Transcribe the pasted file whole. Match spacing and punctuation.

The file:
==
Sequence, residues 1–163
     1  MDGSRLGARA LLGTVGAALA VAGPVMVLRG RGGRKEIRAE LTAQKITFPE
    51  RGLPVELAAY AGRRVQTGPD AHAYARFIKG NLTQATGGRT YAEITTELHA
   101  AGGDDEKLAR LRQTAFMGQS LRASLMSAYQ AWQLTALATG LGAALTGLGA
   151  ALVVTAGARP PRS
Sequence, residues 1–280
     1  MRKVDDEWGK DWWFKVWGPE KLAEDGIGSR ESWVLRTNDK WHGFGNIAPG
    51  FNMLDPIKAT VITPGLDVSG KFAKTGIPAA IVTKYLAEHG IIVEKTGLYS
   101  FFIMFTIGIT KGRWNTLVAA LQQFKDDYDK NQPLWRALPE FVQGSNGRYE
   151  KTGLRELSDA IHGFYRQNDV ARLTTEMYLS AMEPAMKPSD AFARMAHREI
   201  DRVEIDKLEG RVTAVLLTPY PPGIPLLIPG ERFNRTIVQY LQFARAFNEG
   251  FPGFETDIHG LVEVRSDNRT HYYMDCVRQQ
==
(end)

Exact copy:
Sequence, residues 1–163
     1  MDGSRLGARA LLGTVGAALA VAGPVMVLRG RGGRKEIRAE LTAQKITFPE
    51  RGLPVELAAY AGRRVQTGPD AHAYARFIKG NLTQATGGRT YAEITTELHA
   101  AGGDDEKLAR LRQTAFMGQS LRASLMSAYQ AWQLTALATG LGAALTGLGA
   151  ALVVTAGARP PRS
Sequence, residues 1–280
     1  MRKVDDEWGK DWWFKVWGPE KLAEDGIGSR ESWVLRTNDK WHGFGNIAPG
    51  FNMLDPIKAT VITPGLDVSG KFAKTGIPAA IVTKYLAEHG IIVEKTGLYS
   101  FFIMFTIGIT KGRWNTLVAA LQQFKDDYDK NQPLWRALPE FVQGSNGRYE
   151  KTGLRELSDA IHGFYRQNDV ARLTTEMYLS AMEPAMKPSD AFARMAHREI
   201  DRVEIDKLEG RVTAVLLTPY PPGIPLLIPG ERFNRTIVQY LQFARAFNEG
   251  FPGFETDIHG LVEVRSDNRT HYYMDCVRQQ